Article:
Improving Classroom Behavior through Effective Instruction: An Illustrative Program Example Using SRA FLEX Literacy

By Martella, Ronald C.; Marchand-Martella, Nancy E. | Education & Treatment of Children, May 2015 | Go to article overview

Improving Classroom Behavior through Effective Instruction: An Illustrative Program Example Using SRA FLEX Literacy


Martella, Ronald C., Marchand-Martella, Nancy E., Education & Treatment of Children


Abstract

Research has demonstrated a strong positive correlation between behavior problems and low academic achievement. Student success and/or failures are in large part determined by how well teachers provide effective instruction to their students. This article overviews key behavior-management approaches related to academic and behavioral success that are integrated within a reading intervention system for struggling readers in grades 3-12 (i.e., SRA FLEX Literacy). These management approaches have been shown to enhance classroom behavior and set the occasion for better academic performance. Specific program examples are shared to illustrate these management approaches.

Keywords: behavior management, effective instruction, SRA FLEX Literacy, reading, computerized instruction, digital-based learning

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Student misbehavior has been and still is the main concern of educators across the country (Dunlap, Iovannone, Wilson, Kincaid, & Strain, 2010; Martella, Nelson, Marchand-Martella, & O'Reilly, 2012; Westling, 2010). In fact, "there may be no greater hurdle in public schools today than that presented by students who exhibit challenging behavior" (Westling, 2010, p. 48). When students misbehave, they learn less. "Disruptive behavior in any classroom impedes learning ... and the time spent in redirecting students back to task takes away from valuable instruction time, which in turn affects student academic performance" (Musti-Rao & Haydon, 2011, pp. 91-92). In addition, students who misbehave interfere with the learning of their peers and consume teachers' time, disrupting the classroom and school. McKinney, Campbell-Whately, and Kea (2005) and Crothers and Kolbert (2008) indicate that difficulty managing student behavior is a factor associated with teacher burnout, stress, and dissatisfaction. For example, "50 percent of urban teachers leave the profession within the first five years of their career, citing behavior problems and management as factors influencing their decision to leave" (McKinney et al., 2005, p. 16). More should be done to create effective classroom environments through the use of better classroom management and instructional approaches (Crothers & Kolbert, 2008; Kern & Clemens, 2007; McKinney et al., 2005; Westling, 2010).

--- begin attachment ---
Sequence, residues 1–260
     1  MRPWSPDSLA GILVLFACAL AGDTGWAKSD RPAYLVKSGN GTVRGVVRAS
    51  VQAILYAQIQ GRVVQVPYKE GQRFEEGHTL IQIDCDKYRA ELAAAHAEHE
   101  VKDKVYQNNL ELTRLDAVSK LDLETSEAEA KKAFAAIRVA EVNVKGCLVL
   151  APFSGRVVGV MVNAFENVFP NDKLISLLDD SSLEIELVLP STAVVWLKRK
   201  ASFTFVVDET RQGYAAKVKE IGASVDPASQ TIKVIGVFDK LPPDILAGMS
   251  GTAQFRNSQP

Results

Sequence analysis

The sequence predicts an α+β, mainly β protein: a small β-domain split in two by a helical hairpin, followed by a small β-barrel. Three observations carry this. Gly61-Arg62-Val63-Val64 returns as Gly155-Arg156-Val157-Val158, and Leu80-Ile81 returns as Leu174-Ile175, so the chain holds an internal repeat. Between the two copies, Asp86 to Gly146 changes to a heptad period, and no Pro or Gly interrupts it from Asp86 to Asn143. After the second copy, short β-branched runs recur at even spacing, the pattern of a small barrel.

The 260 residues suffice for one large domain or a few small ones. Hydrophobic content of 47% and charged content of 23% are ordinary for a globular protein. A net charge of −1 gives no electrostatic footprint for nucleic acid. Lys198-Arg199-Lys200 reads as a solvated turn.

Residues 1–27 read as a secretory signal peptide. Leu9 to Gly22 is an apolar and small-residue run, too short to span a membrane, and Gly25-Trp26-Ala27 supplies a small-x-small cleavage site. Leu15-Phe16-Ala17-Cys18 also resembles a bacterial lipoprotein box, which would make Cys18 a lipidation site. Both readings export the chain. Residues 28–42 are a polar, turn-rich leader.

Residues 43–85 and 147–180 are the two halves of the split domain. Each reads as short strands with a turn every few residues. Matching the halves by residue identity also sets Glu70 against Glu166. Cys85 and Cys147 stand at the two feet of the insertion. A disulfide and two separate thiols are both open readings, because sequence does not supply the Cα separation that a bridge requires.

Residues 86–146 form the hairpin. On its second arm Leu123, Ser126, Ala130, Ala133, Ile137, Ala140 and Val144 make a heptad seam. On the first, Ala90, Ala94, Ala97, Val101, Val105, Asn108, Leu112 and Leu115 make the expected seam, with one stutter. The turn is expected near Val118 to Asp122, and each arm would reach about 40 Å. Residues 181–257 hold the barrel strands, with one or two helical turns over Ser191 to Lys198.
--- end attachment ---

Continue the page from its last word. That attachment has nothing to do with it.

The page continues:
Historically, classroom management has been considered separately from classroom instruction, yet everything that goes on in the classroom should be thought of as instruction (Ausdemore, Martella, & Marchand-Martella, 2005). Behavior management involves the creation of successful learning environments for both classroom behavior and academic performance. Therefore, the focus should be on how to provide instruction in a manner that not only increases academic performance but also improves classroom behavior (Martella & Nelson, 2003). Specifically, teachers should provide a comprehensive approach where instruction for both behavioral and academic skills is consistent with what has been found to be effective through empirical investigation (Gable, Tonelson, Sheth, Wilson, & Park, 2012; Kern & Clemens, 2007; Nelson, Martella, & Marchand-Martella, 2002).

Positive or negative student behavior is affected by teacher performance in creating an effective environment for student learning experiences (Stewart, Benner, Martella, & Marchand-Martella, 2007; Stewart, Martella, Marchand-Martella, & Benner, 2005). Research has demonstrated a strong positive correlation between behavior problems and low academic achievement (Gest & Gest, 2005; Landrum, Tankersley, & Kauffman, 2003). Above and beyond being correlated, Payne, Marks, and Bogan (2007) report that behavioral and academic problems are reciprocal in nature. In other words, behavior problems may cause a disruption in academic engagement and, as a result, students may fail to master skills because of this lack of academic engagement. …

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